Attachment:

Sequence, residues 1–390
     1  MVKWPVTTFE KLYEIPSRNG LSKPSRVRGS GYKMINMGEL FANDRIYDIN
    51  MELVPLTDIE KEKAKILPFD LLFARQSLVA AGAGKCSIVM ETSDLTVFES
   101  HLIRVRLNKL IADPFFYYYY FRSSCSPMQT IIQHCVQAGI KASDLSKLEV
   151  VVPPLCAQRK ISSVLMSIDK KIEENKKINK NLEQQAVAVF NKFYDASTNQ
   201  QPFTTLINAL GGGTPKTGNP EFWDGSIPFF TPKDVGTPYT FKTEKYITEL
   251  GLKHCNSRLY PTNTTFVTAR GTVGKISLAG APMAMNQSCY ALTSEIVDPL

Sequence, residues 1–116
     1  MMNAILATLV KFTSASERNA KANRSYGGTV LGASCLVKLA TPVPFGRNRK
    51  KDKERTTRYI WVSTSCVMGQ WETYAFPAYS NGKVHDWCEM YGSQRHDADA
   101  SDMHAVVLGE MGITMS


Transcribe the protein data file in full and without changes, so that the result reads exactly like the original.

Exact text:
Sequence, residues 1–390
     1  MVKWPVTTFE KLYEIPSRNG LSKPSRVRGS GYKMINMGEL FANDRIYDIN
    51  MELVPLTDIE KEKAKILPFD LLFARQSLVA AGAGKCSIVM ETSDLTVFES
   101  HLIRVRLNKL IADPFFYYYY FRSSCSPMQT IIQHCVQAGI KASDLSKLEV
   151  VVPPLCAQRK ISSVLMSIDK KIEENKKINK NLEQQAVAVF NKFYDASTNQ
   201  QPFTTLINAL GGGTPKTGNP EFWDGSIPFF TPKDVGTPYT FKTEKYITEL
   251  GLKHCNSRLY PTNTTFVTAR GTVGKISLAG APMAMNQSCY ALTSEIVDPL

Sequence, residues 1–116
     1  MMNAILATLV KFTSASERNA KANRSYGGTV LGASCLVKLA TPVPFGRNRK
    51  KDKERTTRYI WVSTSCVMGQ WETYAFPAYS NGKVHDWCEM YGSQRHDADA
   101  SDMHAVVLGE MGITMS